History 416

Wilsonian Agenda at Home

September 12, 2005



I.                     1912


1.      Dilemmas of William Howard Taft (Taft and party system; Taft and TR; Canadian trade agreement and question of competence)


2. The Law and Progressive Foreign Policy (limits of international law; customs receivership and alternatives to intervention)


3. The Election (Republican split; Wilson nomination, interpreting Socialists and Progressives)


II. Wilson as President


1.      Wilson Background (WW as political scientist: Constitutional Government and critique of American constitutional system; New Jersey governorship; caucus and party system; demise of Progressives; role of third parties, Southern Democrats, and narrowness of control)


2.      The Agenda (progressivism and the regulatory impulse; ICC and origins of regulation; Bureau of Corporations, Food and Drug Act; enforcing Sherman Anti-Trust Act—from Northern Securities Co. v. U.S. (1904) to Standard Oil v. U.S. (1911) and “rule of reason” test; legislative solution: FTC and Clayton Act; Federal Reserve Board; new issues ahead of law: utilities, energy, electricity, mass transit; how to regulate?)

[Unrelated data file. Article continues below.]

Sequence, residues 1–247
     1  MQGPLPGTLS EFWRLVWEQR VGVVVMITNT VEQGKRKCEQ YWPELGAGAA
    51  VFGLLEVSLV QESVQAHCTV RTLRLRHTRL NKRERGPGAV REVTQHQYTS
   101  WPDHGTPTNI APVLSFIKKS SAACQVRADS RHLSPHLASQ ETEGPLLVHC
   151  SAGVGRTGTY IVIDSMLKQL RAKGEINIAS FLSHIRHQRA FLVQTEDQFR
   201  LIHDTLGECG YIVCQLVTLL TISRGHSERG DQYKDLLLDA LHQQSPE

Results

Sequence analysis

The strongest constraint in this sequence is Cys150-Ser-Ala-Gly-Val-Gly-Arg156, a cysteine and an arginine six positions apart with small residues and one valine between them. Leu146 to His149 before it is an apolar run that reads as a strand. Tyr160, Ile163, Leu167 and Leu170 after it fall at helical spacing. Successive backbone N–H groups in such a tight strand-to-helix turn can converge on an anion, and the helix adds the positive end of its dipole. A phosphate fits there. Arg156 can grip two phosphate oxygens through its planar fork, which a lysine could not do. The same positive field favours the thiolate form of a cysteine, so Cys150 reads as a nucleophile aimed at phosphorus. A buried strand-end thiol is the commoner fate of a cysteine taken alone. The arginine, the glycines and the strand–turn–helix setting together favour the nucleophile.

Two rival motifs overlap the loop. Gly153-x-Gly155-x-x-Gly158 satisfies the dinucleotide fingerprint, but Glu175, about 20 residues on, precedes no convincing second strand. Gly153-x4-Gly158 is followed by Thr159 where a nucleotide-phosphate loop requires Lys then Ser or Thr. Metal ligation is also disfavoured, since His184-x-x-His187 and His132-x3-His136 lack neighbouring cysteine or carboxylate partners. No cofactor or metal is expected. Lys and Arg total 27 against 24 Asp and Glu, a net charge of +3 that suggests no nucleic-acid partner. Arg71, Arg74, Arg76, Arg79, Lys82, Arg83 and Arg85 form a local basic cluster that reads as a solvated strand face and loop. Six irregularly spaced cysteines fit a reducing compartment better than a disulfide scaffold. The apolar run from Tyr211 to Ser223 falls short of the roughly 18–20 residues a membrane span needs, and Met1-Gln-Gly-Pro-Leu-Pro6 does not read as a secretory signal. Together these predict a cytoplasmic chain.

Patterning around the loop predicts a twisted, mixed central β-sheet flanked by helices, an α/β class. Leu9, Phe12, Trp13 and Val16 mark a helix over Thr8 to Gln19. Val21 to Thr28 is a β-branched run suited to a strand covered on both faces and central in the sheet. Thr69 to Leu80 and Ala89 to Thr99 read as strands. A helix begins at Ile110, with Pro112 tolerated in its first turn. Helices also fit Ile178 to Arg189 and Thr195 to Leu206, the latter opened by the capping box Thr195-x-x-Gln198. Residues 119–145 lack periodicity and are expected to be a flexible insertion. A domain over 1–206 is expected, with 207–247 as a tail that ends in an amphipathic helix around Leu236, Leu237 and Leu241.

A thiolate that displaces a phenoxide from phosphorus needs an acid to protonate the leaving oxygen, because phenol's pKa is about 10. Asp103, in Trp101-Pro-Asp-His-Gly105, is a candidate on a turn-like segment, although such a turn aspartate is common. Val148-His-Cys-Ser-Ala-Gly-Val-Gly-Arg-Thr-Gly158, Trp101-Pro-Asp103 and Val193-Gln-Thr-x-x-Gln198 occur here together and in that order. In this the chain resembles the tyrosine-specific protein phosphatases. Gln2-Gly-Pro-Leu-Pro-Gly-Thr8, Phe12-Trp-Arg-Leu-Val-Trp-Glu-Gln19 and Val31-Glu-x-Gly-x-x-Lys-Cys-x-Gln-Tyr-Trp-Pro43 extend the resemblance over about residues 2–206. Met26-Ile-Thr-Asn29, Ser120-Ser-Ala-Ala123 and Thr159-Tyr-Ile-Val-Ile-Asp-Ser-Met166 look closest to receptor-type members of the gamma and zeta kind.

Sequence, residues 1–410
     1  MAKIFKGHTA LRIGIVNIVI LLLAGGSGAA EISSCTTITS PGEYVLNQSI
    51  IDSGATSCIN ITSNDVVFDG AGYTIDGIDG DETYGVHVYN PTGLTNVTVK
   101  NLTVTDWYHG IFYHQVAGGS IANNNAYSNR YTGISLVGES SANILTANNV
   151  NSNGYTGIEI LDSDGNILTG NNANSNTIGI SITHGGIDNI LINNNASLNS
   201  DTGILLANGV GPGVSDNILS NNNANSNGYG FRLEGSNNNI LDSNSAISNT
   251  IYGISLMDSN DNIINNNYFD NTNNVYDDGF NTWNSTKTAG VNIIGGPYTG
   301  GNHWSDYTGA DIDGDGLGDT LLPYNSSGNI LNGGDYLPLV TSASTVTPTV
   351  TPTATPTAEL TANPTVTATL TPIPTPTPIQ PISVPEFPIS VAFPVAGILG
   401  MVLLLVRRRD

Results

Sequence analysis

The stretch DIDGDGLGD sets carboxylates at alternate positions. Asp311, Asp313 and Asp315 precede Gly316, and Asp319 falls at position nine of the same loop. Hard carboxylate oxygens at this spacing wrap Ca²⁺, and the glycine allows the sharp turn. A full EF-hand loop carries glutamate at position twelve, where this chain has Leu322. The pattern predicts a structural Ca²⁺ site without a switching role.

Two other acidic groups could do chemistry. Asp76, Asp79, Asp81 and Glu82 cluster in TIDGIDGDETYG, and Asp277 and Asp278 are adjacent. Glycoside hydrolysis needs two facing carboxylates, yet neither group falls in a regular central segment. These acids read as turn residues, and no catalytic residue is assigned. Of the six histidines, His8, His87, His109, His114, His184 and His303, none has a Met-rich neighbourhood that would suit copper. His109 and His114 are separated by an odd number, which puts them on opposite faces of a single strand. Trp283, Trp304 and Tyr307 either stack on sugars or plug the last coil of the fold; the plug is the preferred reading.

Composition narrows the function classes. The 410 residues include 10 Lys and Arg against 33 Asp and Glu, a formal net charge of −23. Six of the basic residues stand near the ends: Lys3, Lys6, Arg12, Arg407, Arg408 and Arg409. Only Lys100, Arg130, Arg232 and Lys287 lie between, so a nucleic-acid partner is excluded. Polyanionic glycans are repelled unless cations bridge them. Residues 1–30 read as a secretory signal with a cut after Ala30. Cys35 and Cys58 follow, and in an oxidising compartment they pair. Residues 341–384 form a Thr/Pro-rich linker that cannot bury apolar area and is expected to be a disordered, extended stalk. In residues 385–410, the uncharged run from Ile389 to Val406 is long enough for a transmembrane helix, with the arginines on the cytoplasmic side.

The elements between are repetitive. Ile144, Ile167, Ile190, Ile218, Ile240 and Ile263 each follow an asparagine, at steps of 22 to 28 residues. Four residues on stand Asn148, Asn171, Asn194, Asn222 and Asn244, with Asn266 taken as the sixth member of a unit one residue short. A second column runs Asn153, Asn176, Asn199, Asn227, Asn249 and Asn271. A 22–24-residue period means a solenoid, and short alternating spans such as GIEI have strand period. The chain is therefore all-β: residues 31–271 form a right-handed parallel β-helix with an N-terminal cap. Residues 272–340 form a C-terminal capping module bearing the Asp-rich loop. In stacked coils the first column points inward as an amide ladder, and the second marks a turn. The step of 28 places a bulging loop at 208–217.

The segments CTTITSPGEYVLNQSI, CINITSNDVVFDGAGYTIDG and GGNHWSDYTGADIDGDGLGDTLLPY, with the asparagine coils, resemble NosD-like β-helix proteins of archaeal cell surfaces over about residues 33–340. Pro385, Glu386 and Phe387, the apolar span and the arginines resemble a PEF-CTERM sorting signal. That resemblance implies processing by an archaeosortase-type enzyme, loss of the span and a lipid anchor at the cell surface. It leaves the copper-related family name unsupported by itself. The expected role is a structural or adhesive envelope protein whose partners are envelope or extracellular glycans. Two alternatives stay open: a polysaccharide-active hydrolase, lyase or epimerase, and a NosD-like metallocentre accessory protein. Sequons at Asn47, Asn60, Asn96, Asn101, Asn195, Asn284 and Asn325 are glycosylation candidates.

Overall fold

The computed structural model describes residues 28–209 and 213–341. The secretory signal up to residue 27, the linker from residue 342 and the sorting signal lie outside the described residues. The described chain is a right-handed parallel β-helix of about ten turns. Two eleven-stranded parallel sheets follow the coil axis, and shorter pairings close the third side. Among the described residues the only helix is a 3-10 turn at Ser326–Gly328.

III. Domestic Reform and the Law


1.      Changing the Courts (the nature of progressivism; Lochner and the court system; limited scope of reform—Muller v. Oregon; La Follette and roll call reporting; TR and Bull Moose campaign—role of judicial recall; Norris and progressive reformers in Congress; Wilson and liberalizing the Court: role of appointments processes; McReynolds and the dangers of hasty nominees; Brandeis nomination and the Senate fight; Clarke and 1916 election)


2.      Changing the Constitution (Bristow and progressive constitutional reformers; the Pollack controversy—White wording, political outcry; Democratic gains and path to 16th amendment; direct election—attraction of campaign finance reform and open government; House pushes issue; Southern concerns; 17th amendment)



3.      Civil Liberties (Civil Liberties (contradictions of progressivism: social control or civil liberties; legacy of Comstock Act (1873); freedom of speech and press—censorship laws, limited freedom of press—Paterson v. Colorado (1907), Fox v. Washington (1915), Holmes and 1st amendment jurisprudence; AAUP and academic freedom; 1903 immigration law and bar on anarchists)